As part of a new research, a team of Italian scientists has successfully developed retinal implants that are capable of reversing vision loss in rats. Engineered to turn light into electrical signals for the neurons in the retina, these artificial implants could be of huge help in conditions that cause retinal degeneration. If everything goes according to plan, the new technology will be tested in humans towards the end of this year.
Made up of several million photoreceptor cells, the retina forms the innermost coating of the human eye. In case of retinitis pigmentosa (RP), a hereditary degenerative eye disorder, genetic mutations result in the progressive disintegration of rod photoreceptors leading to vision impairment and eventual blindness. In patients suffering from this condition, the retinal neurons surrounding the affected cells remain perfectly functional.
In the past, researchers have attempted to reverse retinitis pigmentosa using specially-designed bionic eye contraptions that stimulate the retinal neurons with the help of electrical signals. Over the years, scientists have also tried to undo the genetic mutations responsible for causing blindness via the CRISPR gene editing technique. For the current study, a group from the Italian Institute of Technology has come up with an entirely new approach involving an implantable prosthesis that works in place of the RP-affected retina.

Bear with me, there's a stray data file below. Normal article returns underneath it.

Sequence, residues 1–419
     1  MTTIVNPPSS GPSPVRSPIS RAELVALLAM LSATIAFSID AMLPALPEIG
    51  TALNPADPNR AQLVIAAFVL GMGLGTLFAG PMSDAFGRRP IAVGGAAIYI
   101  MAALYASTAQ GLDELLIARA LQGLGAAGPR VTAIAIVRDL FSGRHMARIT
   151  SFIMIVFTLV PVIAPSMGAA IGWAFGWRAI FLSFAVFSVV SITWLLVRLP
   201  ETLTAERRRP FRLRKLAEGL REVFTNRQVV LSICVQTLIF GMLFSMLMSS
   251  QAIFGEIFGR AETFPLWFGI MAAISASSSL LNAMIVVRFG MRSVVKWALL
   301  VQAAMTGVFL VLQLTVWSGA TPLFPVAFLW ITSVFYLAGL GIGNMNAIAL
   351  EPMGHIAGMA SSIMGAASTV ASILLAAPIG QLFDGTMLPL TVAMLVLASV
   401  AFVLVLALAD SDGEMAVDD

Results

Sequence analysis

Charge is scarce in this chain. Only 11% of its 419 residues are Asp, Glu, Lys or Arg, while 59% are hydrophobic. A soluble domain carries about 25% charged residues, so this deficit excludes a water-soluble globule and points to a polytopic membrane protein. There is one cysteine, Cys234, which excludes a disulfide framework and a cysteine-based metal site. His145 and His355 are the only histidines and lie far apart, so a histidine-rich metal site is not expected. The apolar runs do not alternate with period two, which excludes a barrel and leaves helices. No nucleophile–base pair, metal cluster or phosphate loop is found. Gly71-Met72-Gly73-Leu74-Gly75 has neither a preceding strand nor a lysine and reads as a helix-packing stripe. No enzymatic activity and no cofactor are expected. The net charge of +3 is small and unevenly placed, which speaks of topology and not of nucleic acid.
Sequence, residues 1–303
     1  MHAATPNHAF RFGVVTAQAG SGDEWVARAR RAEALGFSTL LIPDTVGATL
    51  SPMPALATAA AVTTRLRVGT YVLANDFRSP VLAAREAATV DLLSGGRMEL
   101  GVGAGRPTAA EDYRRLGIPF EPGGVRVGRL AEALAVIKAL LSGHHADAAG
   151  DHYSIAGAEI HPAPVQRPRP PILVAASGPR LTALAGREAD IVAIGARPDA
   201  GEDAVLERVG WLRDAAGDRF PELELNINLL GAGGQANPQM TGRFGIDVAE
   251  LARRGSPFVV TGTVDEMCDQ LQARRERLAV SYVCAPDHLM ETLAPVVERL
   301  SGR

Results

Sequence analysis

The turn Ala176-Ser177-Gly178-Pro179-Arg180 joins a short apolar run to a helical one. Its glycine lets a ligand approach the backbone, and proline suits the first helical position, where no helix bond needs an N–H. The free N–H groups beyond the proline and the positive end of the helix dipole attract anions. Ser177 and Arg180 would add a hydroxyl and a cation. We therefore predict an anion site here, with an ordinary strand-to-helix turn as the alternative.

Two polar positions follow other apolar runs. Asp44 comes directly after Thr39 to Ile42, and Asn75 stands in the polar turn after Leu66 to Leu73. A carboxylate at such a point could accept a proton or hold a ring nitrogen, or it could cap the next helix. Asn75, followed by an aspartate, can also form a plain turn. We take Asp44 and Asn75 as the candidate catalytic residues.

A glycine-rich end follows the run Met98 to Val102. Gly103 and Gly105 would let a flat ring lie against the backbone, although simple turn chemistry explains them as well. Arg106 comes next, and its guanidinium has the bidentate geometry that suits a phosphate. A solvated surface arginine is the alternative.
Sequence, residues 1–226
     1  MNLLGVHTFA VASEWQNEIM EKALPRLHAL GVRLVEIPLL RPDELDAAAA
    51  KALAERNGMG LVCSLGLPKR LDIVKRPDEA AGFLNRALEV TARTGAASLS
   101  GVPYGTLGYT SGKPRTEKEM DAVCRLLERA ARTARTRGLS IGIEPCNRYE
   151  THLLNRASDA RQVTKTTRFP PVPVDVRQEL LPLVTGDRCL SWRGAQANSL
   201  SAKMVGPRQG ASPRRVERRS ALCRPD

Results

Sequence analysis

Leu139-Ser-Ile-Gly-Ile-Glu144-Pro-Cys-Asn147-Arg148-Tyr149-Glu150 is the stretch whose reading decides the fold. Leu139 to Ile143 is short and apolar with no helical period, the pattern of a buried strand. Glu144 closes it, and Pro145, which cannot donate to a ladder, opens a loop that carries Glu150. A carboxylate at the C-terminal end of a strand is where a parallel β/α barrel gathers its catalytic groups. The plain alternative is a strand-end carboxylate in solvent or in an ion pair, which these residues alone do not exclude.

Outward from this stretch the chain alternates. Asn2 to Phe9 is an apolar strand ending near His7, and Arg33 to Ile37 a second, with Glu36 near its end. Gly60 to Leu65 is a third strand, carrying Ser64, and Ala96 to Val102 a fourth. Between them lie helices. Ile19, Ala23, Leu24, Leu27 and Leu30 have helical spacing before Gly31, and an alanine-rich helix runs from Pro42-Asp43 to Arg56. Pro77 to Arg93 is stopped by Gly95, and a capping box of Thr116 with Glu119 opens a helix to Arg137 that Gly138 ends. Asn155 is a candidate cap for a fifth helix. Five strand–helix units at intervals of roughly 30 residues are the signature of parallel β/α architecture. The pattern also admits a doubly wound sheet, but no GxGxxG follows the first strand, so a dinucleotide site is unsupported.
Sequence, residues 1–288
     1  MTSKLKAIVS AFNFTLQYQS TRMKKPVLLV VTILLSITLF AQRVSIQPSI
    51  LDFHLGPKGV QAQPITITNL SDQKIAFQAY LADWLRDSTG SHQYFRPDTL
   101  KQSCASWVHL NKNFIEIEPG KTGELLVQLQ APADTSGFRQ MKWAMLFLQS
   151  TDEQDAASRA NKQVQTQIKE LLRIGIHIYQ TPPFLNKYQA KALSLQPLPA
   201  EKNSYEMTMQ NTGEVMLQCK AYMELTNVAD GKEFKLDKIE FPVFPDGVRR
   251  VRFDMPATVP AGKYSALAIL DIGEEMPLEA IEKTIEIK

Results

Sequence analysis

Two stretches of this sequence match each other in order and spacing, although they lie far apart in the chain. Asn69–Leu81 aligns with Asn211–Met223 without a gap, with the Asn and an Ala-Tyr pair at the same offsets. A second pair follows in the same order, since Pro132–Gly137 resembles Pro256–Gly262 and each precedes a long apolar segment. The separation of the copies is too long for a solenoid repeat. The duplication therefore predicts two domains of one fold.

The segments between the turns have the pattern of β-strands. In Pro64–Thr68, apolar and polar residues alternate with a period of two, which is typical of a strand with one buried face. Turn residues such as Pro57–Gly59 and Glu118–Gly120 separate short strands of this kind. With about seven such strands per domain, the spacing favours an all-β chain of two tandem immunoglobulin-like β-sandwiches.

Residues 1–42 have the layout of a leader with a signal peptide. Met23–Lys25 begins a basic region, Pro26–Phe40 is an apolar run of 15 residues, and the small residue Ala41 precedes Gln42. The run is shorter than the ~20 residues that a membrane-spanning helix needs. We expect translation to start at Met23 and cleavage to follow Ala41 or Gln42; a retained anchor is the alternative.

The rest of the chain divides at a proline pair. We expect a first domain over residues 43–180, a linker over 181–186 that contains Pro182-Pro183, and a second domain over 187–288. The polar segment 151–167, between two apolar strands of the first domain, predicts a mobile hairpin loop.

As pointed out by the team, the implant contains a thin sheet of special conductive polymer situated on a silk-based substrate. It is further wrapped inside a semiconducting polymer, which in turn absorbs photons from the incoming light much like a photovoltaic substance. The resultant electrical signals stimulate the neurons present in the retina. To test the efficacy of the new technology, the scientists worked with Royal College of Surgeons (RCS) rats that had been genetically modified to develop a rodent version of retinitis pigmentosa.
Once the implants were embedded, the researchers waited for a period of 30 days before checking the rats’ sensitivity towards light, also known as pupillary reflex. When exposed to low intensity light of around 1 lux, which is slightly brighter than the luminance of full moon, the pupillary reflex of the treated and untreated RP-affected rats was almost the same. At higher intensities of 4 to 5 lux, however, responses were vastly different.
To further test the effectiveness of the device, the scientists used positron emission tomography (PET) to study brain activity in the treated rats during exposure to light. They found a discernable increase in the activities of the primary visual cortex, a section of the brain that is responsible for processing visual information. Although further analysis would be required to ascertain the findings, the researchers believe that the new technology helps stimulate the “residual neuronal circuitries in the degenerate retina”.
The treated RCS rats were kept under observation for nearly 10 months, during which the efficiency of the implants remained largely unchanged. According to the team, whatever little vision impairment was noticed in the subjects could be the result of increasing age. Speaking about the breakthrough, recently published in the Nature Materials journal, Grazia Pertile, an ophthalmologist at Italy’s Sacred Heart Don Calabria and a member of the research group, said:
We hope to replicate in humans the excellent results obtained in animal models. We plan to carry out the first human trials in the second half of this year and gather preliminary results during 2018. This [implant] could be a turning point in the treatment of extremely debilitating retinal diseases.
Source: Italian Institute of Technology